From Fort Circle Drive to the Beltway

As early as the 1880s, roadway engineers and planners floated the idea of a circle surrounding Washington, D.C. to improve travel within and around the city. The proposed “Fort Circle Drive” would have connected the Civil War-era circle forts that defended the Capital, but this concept was never realized. Several ring road proposals were contemplated in subsequent decades, including multiple concentric highways radiating from the city center. Absent execution of the multitude of plans, by the 1950s, Washington’s growing suburbs had overwhelmed the existing transportation network. After prolonged negotiations over everything from the route to the name, the final plan for the Washington Circumferential Highway was approved on September 28, 1955, as part of the Interstate Highway System backed by President Eisenhower. Over the years, the roadway was constructed in stages until its June 1960 completion. It was then that the highway was renamed the “Capital Beltway” by both Maryland and Virginia. On August 17, 1964, Maryland Governor J. Millard Tawes cut the ribbon to officially open the final stretch of Interstate 495.

Anyone who’s visited the nation’s capital in the summer can attest to the extreme heat emanating from one monument and museum to the next. As for the record, D.C.’s hottest was recorded on July 20, 1930, when 106 degrees was hit well before the Beltway opened. As for the runner-up, that was the 105 degrees logged on July 7, 2012. Rather than extreme heat, it’s the cooling in the labor cycle in D.C., Maryland, and Virginia that poses the greatest threat.

Labor demand in DC/MD/VA has already pierced a cyclical peak. At 451,000 last July, regional job openings fell sharply last summer, well under December 2022’s top of 604,000. To contextualize, as of the latest available month, March 2024, job openings were -21.5% below that high point (teal line). To wit, nonfarm payroll employment growth in the area has downshifted to a 1.1% year-over-year (YoY) rate through April, below that of the nation’s 1.8%. For completeness, weakness in trend job creation in D.C. and Maryland, both of which posted 0.2% YoY gains in April, drove the compression, while that of Virginia’s 1.8% is in line with the nation as a whole.

The sustained decline in demand for warm bodies transitioned to an upcycle in unemployment. Unrounded, the combined DC/MD/VA unemployment rate troughed in June 2023 at 2.39%. Since then, the three-month average has risen steadily and breached the McKelvey rule – a 0.3 percentage point rise in the three-month moving average off its prior twelve-month low – in October 2023 (lilac line).

Regardless of the outcome of this November’s Presidential election, the Biden Administration is seeking only modest increases to the Federal workforce in fiscal year (FY) 2025. According to, most major agencies are poised to grow their ranks less aggressively than envisioned in previous proposals aligning with spending caps Biden has signed into law. The overall civilian Federal workforce would grow by just 1% with the Department of Homeland Security and Treasury leading the way. Some agencies that have long been in hiring mode, like the Department of Defense and Veterans Affairs, will now see their headcount contract.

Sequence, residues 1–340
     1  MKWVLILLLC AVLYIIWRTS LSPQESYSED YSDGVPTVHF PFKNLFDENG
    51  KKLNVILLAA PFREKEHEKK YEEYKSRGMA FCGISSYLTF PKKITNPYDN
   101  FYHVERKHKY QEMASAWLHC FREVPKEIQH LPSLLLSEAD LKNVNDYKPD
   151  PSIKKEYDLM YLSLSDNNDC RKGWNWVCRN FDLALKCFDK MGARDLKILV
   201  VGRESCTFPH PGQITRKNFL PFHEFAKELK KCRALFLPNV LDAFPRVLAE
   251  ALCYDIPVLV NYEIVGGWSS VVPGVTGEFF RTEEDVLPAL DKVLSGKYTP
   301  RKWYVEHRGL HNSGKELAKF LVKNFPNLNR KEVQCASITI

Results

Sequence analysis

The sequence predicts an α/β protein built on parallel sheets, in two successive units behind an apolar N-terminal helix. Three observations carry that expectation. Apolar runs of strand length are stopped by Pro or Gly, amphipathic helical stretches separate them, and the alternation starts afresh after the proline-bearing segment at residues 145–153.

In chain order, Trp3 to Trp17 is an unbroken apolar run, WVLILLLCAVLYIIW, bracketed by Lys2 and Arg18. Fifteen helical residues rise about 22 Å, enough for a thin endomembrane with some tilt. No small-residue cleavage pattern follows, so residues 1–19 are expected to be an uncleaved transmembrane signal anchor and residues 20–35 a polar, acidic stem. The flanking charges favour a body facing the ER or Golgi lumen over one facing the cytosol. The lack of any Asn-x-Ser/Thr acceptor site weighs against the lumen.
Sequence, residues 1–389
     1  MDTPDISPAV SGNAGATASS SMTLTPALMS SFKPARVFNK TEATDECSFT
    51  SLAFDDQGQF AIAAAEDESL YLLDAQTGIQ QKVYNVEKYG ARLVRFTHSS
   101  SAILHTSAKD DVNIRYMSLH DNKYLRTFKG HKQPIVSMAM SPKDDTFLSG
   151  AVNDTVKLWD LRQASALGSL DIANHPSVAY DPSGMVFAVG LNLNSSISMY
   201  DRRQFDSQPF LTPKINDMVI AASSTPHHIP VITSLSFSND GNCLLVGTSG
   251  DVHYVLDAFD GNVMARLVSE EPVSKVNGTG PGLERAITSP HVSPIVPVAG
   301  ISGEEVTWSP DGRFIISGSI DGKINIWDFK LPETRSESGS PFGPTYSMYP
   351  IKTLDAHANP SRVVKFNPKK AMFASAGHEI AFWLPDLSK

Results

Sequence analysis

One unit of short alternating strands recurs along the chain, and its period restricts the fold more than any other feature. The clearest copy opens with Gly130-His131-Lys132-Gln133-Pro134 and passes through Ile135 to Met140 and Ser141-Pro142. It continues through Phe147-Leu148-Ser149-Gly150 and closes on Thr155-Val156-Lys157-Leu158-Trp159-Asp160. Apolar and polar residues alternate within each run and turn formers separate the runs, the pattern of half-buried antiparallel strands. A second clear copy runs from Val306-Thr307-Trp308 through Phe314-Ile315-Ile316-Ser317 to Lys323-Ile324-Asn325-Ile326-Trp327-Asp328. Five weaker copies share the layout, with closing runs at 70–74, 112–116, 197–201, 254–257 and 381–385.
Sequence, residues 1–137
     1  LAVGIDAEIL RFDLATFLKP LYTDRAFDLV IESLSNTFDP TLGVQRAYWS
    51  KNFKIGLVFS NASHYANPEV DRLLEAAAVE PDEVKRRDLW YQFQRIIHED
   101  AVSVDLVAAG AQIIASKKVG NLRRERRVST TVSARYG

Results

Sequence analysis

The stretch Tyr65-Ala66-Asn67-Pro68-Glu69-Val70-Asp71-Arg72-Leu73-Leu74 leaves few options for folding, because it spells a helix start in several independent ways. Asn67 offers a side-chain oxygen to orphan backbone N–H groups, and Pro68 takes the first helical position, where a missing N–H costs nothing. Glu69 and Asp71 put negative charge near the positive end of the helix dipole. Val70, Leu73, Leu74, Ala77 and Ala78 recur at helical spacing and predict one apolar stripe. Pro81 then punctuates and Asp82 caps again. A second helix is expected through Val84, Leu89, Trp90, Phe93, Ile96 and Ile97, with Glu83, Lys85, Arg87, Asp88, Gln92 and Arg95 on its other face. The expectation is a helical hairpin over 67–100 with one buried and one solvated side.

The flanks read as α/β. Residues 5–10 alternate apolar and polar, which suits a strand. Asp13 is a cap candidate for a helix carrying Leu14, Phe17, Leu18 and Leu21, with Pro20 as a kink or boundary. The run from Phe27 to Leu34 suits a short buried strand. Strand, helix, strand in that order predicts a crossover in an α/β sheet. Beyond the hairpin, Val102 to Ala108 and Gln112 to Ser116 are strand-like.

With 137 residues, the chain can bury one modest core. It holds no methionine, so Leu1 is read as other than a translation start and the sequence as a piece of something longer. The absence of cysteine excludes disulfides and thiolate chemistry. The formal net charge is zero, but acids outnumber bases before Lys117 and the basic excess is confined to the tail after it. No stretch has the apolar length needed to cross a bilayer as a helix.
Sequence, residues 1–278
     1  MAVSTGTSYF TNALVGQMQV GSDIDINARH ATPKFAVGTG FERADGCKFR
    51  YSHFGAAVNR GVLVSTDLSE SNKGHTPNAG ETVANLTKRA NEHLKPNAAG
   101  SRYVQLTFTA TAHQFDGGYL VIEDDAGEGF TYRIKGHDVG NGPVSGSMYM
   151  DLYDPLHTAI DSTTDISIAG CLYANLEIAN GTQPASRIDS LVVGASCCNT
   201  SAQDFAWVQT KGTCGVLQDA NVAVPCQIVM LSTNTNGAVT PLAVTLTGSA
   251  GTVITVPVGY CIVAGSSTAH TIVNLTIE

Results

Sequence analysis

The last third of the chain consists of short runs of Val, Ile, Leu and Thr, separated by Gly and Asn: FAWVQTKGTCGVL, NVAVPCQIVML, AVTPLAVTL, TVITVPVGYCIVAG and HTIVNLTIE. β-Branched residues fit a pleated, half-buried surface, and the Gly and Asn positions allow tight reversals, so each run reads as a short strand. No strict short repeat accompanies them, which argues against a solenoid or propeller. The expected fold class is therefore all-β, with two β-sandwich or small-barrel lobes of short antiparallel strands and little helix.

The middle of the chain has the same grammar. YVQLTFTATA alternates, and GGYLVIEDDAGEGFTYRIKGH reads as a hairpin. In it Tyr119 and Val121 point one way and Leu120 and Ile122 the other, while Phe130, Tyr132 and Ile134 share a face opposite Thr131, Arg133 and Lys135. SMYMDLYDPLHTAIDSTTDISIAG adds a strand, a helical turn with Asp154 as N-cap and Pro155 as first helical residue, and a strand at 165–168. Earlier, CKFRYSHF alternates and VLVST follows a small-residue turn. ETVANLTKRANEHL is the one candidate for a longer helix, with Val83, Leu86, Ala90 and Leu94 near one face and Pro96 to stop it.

The Biden FY2025 proposal is fundamental in nature. In the five quarters ended 2023’s final three months, real government receipts have sequentially contracted on a YoY basis (fuchsia line). Historically, a five-quarter downdraft has been associated with recession as was the case in 1948-49, 1953-54, 1969-70, 1973-75, 1981-82, 2001, and 2007-09.

What distinguishes the current episode is the spread between government net dissaving and private (household plus business) net saving, which has inverted. At the end of last year, this gauge plumbed to -$70.8 billion on a four-quarter moving average basis, a massive departure from the +$400 billion average in the four quarters which capped off 2022. The current figure stands in stark contrast to postwar history, wherein private saving outpaced government dissaving (or borrowing). Critically, this role reversal has only been on display once, during the Great Recession.

For capital deepening to occur in an economy, and thereby raise productivity, requires an increase in net saving. The inversion that’s manifest illustrates this process is at risk flagging cyclical vulnerability to the capital spending outlook. Moreover, the prolonged decline in the volume of government receipts risks an amplified need for borrowing over the course of this year.

Revenue challenges aren’t contained to the Federal sector. In FactSet’s latest Earnings Insight, John Butters’ compilation of first and second-quarter S&P 500 revenue growth draws the starting line; profiling both quarters and taking the difference between the two of them marks the end point.

What jumps out is the deceleration in S&P 500 sectors exposed to cyclicality and interest-rate sensitivity. Real Estate, Consumer Discretionary and Industrials are visibly suffering a top-line deceleration in 2024’s first half. The same can be said of noncyclical Consumer Staples and Communication Services. The weakest of the lot is Financials, which represents the ‘rate sellers’ who disseminate the credit impulse, or lack thereof, to the broader U.S. economy.

A quick glance at the table’s S&P 500 line waves the ‘All Clear’ to the casual observer. But a Higher for Longer Fed constrains private credit creation, impairing private demand. While a young nation called “The United States” no longer requires circle forts around its Capital for protection, the same cannot be said of an equivalent economic moat for its private households and businesses.

Posted in Daily Feather.